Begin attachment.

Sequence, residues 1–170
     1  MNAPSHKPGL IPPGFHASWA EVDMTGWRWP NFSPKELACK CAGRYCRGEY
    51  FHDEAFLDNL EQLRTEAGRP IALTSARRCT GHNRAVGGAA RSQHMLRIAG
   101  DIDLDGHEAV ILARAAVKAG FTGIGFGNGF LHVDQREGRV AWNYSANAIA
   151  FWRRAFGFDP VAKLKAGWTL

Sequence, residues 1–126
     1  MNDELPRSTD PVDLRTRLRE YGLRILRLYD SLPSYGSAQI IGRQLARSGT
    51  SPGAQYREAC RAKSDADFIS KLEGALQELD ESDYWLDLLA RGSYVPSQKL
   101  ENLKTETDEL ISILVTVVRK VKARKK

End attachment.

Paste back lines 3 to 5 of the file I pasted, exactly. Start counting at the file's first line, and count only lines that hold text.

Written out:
    51  FHDEAFLDNL EQLRTEAGRP IALTSARRCT GHNRAVGGAA RSQHMLRIAG
   101  DIDLDGHEAV ILARAAVKAG FTGIGFGNGF LHVDQREGRV AWNYSANAIA
   151  FWRRAFGFDP VAKLKAGWTL